That is what you are doing here. You are learning to spot a Borderline, a Narcissist, a Sociopath, when you see one. You are here to learn that these kinds of individuals are looking for a person just like you. You are here to learn that there is nothing authentic about the “love” they offer you. You are here to learn how to be cautious when you notice your compassion and kindness and your willingness to see the best in people is triggered when it really shouldn’t be ”¦ like when danger signs are flashing and sirens are blaring inside of you. You are here to learn how to have healthy boundaries and to know when they are being crossed so that you put a stop to it immediately. I like to say now figuratively: It’s noble to throw yourself in front of a bus to save the one you love, but not if they are the one driving the bus!

The things I have learned on LoveFraud have helped me to get onto a path of healing. Accepting the label that fits has helped me tremendously to let go of the fake “love” he offered. I can see that his every action was simply a manipulation to get what he wanted out of me, and that my well being and happiness were NEVER on his agenda. You can bet that these things are top priority for me now. The details of what happened don’t matter to me anymore and I don’t need to tell them.

With Warmest Aloha,
E.R. aka “AlohaTraveler”

Comment on this article

48 Comments on "LETTERS TO LOVEFRAUD: Once upon a time, I would do anything for love, but not anymore"

Notify of


Thank you! My oldest son struck me as being very concerned (about this latest letter), thinking that maybe, I would get sucked into helping their dear old dad, but I told him, no way. I wrote a letter to my son, spelling it out that I am going to do what’s best for all of us, that means, letting their dad take care of himself and his own problems. Their father has made a mess of his life – it’s tragic, but we can’t help him in any way, shape, or form.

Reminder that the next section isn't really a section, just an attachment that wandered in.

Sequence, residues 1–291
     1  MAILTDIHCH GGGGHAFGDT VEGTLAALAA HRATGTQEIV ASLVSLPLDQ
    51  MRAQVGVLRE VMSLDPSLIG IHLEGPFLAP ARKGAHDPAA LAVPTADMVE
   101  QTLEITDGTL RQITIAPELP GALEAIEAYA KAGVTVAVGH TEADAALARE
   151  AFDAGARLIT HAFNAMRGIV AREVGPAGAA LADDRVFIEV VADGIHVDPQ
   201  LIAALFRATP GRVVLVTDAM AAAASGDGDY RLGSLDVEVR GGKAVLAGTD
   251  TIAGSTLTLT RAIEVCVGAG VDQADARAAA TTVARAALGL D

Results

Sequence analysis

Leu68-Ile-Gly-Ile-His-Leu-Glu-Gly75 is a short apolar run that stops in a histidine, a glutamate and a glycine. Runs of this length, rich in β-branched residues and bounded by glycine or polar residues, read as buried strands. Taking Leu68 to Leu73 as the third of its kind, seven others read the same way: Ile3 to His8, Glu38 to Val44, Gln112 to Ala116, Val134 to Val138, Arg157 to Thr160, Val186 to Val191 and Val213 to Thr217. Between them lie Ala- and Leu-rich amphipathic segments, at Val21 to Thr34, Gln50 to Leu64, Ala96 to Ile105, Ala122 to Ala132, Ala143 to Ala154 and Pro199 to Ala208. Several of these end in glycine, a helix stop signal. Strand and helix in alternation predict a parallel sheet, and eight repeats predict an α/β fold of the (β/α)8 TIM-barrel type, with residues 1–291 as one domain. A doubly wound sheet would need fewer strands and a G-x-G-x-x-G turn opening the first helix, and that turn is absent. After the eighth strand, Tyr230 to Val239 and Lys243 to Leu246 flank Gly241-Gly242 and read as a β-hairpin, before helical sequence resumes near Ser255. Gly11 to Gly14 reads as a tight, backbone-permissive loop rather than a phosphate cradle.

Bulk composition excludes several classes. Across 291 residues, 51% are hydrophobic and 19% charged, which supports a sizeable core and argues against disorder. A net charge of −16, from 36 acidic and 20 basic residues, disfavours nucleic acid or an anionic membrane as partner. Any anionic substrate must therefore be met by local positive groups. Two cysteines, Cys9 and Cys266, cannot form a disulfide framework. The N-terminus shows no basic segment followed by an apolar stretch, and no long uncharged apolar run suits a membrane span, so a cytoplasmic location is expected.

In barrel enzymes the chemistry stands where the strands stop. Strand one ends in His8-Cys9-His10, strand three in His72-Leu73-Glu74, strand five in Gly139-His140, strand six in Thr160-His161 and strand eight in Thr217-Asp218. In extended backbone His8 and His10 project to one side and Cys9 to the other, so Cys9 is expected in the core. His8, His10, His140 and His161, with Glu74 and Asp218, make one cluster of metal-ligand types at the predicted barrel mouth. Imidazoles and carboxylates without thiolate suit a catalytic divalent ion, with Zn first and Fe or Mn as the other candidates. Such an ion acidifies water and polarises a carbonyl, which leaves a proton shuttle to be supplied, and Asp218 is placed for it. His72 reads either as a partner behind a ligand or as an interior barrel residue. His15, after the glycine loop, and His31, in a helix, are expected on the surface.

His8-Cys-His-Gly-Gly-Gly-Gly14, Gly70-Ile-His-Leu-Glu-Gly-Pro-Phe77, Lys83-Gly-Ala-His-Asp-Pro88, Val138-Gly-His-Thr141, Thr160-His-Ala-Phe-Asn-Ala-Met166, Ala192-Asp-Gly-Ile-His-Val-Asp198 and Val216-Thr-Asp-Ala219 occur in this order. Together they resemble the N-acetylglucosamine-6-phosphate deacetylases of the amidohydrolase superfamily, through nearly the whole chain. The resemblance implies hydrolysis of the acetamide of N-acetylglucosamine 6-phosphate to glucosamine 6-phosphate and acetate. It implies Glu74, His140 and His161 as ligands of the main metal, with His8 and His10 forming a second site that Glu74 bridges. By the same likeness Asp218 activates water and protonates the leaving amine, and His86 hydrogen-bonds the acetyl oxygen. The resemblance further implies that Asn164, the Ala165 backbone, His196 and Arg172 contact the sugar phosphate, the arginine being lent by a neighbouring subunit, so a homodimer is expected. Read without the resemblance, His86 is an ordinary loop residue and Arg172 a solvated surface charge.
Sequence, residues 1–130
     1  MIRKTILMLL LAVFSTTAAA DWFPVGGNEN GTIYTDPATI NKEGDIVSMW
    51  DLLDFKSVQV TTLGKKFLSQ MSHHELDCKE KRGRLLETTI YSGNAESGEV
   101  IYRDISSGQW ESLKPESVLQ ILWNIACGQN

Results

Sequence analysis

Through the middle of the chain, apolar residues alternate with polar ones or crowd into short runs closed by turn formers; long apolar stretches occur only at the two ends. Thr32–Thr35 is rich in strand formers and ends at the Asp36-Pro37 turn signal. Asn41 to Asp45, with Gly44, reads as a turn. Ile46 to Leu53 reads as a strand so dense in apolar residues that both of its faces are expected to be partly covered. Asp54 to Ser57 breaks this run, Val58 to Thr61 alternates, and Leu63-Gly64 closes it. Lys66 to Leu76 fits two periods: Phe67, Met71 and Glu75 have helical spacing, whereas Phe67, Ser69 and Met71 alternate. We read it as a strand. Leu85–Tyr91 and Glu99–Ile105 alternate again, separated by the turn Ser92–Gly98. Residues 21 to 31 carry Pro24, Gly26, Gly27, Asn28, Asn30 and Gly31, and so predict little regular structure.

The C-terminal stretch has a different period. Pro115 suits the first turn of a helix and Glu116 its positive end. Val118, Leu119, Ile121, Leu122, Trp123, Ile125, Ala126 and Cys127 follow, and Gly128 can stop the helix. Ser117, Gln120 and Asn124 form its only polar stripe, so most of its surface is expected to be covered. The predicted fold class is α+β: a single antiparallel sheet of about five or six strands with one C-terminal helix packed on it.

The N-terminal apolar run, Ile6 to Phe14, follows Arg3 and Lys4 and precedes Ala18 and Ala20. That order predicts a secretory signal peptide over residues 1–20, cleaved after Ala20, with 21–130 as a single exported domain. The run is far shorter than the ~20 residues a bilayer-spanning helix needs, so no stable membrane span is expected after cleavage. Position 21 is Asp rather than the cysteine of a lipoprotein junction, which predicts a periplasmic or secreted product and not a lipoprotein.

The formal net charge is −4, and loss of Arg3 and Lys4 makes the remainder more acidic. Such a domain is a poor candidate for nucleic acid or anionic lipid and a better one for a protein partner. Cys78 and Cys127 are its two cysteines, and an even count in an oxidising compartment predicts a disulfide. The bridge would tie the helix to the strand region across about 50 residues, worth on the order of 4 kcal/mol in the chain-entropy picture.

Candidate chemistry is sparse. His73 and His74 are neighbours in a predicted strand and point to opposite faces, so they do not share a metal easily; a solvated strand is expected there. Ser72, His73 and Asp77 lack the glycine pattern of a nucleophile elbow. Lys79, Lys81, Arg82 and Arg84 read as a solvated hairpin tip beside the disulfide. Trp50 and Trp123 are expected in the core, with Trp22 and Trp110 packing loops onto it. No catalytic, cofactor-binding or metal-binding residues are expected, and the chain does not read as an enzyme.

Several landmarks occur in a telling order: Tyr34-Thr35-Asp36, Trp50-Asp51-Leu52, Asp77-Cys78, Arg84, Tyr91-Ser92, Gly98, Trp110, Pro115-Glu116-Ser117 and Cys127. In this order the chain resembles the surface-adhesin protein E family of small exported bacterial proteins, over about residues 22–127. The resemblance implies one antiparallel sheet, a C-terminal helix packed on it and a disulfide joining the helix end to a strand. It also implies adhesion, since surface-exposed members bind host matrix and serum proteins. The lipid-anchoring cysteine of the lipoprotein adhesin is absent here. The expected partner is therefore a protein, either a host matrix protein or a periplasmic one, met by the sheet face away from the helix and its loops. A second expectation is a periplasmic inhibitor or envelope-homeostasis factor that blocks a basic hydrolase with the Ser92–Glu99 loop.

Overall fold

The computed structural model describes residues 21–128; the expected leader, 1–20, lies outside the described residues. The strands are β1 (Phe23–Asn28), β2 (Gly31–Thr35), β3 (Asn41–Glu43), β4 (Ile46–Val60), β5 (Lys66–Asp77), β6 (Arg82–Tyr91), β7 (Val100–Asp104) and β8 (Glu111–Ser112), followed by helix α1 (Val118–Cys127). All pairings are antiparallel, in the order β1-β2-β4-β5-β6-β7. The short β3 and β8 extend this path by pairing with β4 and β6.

Dear Bluejay,

Yep, let him stew in his own juice, and let the consequences of his –repeat—HIS bad acts fall on HIS shoulders.

Do not fall for the pity play and never ever EVER think he will change or get better…..he is what he is because of his choices, not yours. NO ONE CAN HELP him because he will NOT help himself.


Aloha, thank you for bringing this article back up, it is one of the BEST articles on LF and it is so true. It starts out about them, but ends up being about US and OUR healing and growth! Thanks very much for this article! TOWANDA

Thank you for your words, Oxy! It’s so true, he will not help himself. He creates troubles for himself, not learning from a single one of them. His motto is to figure out how to get out of his latest jams, trying to lure good-hearted people into rescuing him. I don’t have the time, the money, nor the inclination. Peace.


Yesterday a girl I knew back in the 1980s contacted me on face book, and I gave her my phone number and she called. Her kids used to play with mine and we had a good time together, she is a nice gal.

She called today and her son has been in and out of prison for the last 20 years, but her daughter is doing well and the lady is doing well. I’m going to go have lunch with her one day next week. I look forward to seeing her again. Sometimes these old friendships can be rekindled and sometimes not but I’m going to give it a shot. Sounds also like she could use some support about her son in prison.